A thought leader is a subject matter expert. They communicate well, can speak about their domain expertise fluently and teach others things they don’t know. Thought leaders are generally committed to constant learning, and they’re passionate about sharing those learnings with others to advance their field.

You can’t be a thought leader without domain expertise. Subject mastery, and a strong perspective on that subject, are critical first steps on the road to thought leadership.

Can you talk to our readers a bit about the benefits of becoming a thought leader. Why do you think it is worthwhile to invest resources and energy into this?

It’s invaluable to invest time and energy in becoming an expert in your field, and sharing your knowledge and unique point of view with others. The list of benefits goes on and on. Providing people with valuable information on a regular basis builds credibility. Your peers and customers will respect you, and potential customers will be more likely to choose you over a competitor with whom they don’t have this established trust.

Let’s talk about business opportunities specifically. Can you share a few examples of how thought leadership can help a business grow or create lucrative opportunities?

Thought leadership helps with product validation, so our customers feel confident in their decision to buy our products. When I demonstrate my expert-level knowledge of the accounting automation space through blog posts or industry speaking engagements, that validates to our current and future potential customers that we’re building a product that is designed to help them. It fosters authenticity and trust.

Thought leadership is also important for those leading teams. I consider myself not only a thought leader on accounting automation, but also on diversity in technology, which has helped us at Beanworks entice and retain top talent. People see me speak at industry events about my experience as a female in technology and my company’s commitment to diversity in the workplace, and they’re drawn to that openness and honesty. Thought leadership builds rapport. And, nine times out of ten, our diverse leadership team and staff is an important factor in new employees’ decision to work for our company.

Ok. Now that we have that behind us, we’d love to hear your thoughts about how to eventually become a thought leader. Can you share 5 strategies that a person should implement to become known as a thought leader in their industry. Please tell us a story or example (ideally from your own experience) for each.

Becoming an expert on any given topic doesn’t happen overnight. And even once you’ve reached expert status, the work’s not over there! You’ve got to constantly refine your skills.

Here are five strategies that I’ve found effective, and would recommend to those looking to become a thought leader in their industry:

  1. Figure out what you’re an expert in.
  2. Share your knowledge with others. For example, you can speak on panels, write blog posts and network at industry events.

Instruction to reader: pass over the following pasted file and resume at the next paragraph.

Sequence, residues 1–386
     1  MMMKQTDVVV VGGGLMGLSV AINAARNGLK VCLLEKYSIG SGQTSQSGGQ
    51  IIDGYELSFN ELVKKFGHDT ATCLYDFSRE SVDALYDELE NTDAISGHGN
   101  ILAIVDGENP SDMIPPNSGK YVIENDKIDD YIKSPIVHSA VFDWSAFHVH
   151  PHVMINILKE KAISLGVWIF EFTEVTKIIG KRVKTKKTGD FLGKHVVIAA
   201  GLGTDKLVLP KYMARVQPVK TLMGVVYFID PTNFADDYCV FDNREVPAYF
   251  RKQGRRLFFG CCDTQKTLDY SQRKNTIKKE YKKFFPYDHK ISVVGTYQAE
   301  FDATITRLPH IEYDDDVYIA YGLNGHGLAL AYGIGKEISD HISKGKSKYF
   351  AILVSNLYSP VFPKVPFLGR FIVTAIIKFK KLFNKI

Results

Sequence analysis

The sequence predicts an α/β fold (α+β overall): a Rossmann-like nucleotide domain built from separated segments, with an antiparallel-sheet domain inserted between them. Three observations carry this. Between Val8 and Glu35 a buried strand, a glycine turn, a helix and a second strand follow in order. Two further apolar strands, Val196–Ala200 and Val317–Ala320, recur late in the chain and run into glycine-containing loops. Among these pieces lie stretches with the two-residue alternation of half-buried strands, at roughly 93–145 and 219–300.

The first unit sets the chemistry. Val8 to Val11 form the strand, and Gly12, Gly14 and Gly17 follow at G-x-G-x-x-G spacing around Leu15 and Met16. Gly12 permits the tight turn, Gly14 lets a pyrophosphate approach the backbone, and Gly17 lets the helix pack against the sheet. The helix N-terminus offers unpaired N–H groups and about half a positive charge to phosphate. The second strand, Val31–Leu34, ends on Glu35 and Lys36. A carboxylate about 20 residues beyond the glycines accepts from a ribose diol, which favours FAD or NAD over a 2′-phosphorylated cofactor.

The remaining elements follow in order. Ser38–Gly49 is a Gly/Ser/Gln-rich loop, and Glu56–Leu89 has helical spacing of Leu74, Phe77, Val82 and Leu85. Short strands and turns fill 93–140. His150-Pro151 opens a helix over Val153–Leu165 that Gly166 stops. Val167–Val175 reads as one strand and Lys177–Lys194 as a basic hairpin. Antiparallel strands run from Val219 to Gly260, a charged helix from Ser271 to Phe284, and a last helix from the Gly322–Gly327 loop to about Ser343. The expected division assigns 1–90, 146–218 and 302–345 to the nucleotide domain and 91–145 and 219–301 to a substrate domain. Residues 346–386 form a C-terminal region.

3. Don’t be afraid to share your unique (and sometimes disruptive) takes.
  4. Be authentic.
  5. Don’t be afraid to make mistakes.

In your opinion, who is an example of someone who has that has done a fantastic job as a thought leader? Which specific things have impressed you about that person? What lessons can we learn from this person’s approach.

There are so many. In addition to those I mentioned earlier, I’d say: Shannon Susko, the accomplished author, serial entrepreneur and business coach; Simon Sinek, author and inspirational speaker; and David Skok, serial entrepreneur-turned-venture capitalist. All are experts in their field, truly authentic and captivating leaders.

I have seen some discussion that the term “thought leader” is trite, overused, and should be avoided. What is your feeling about this?

Sure, the term has definitely become highly popularized in the last several years. Though it can be a bit overused from time to time, simply put, I believe genuine thought leaders are more important now than ever.

What advice would you give to other leaders to thrive and avoid burnout?

My tricks of the trade: take regular breaks throughout the work day, take vacations every quarter when possible and, now during the global pandemic, stick a mask on and go for a walk! Tuesday afternoons at Beanworks, we do company-wide “Tuesday Trivia” to foster camaraderie during this period of remote work. Do what you can to re-energize yourself and take care of yourself during these challenging times.

You are a person of enormous influence. If you could inspire a movement that would bring the most amount of good to the most amount of people, what would that be? You never know what your idea can trigger. 🙂

From a professional perspective, that’s what I strive to do: bring a great product to those who need it. Every company on the planet has an accounting department, and my professional goal is to make their lives easier and better.

Contributing to the movement of women in technology is another big priority for me. I’m committed to lending my voice to conversations about gender equity and diversity in the workplace.

And finally, one of my longer-term plans is to set up a foundation to help women leave abusive relationships from a financial perspective.

Can you please give us your favorite “Life Lesson Quote”? Can you share how that was relevant to you in your life?

I’d say the old adage, “If at first you don’t succeed, try, try again.”

Never, never give up! During the first two years of starting my business, on a daily basis, I had to remind myself of these wise words.

Be tenacious because you never know when it’ll pay off. Through the ups and downs, not giving up on Beanworks was the best thing I’ve ever done in my life.

We are blessed that very prominent leaders in business and entertainment read this column. Is there a person in the world with whom you would like to have a lunch or breakfast with? He or she might just see this, especially if we tag them. 🙂

This question has got to be one of my favorites. I’d love to grab lunch with Kamala Harris!

How can our readers follow you online?

Readers can follow me on Twitter at @cathbeanCEO.

Thank you so much for your insights. This was very insightful and meaningful.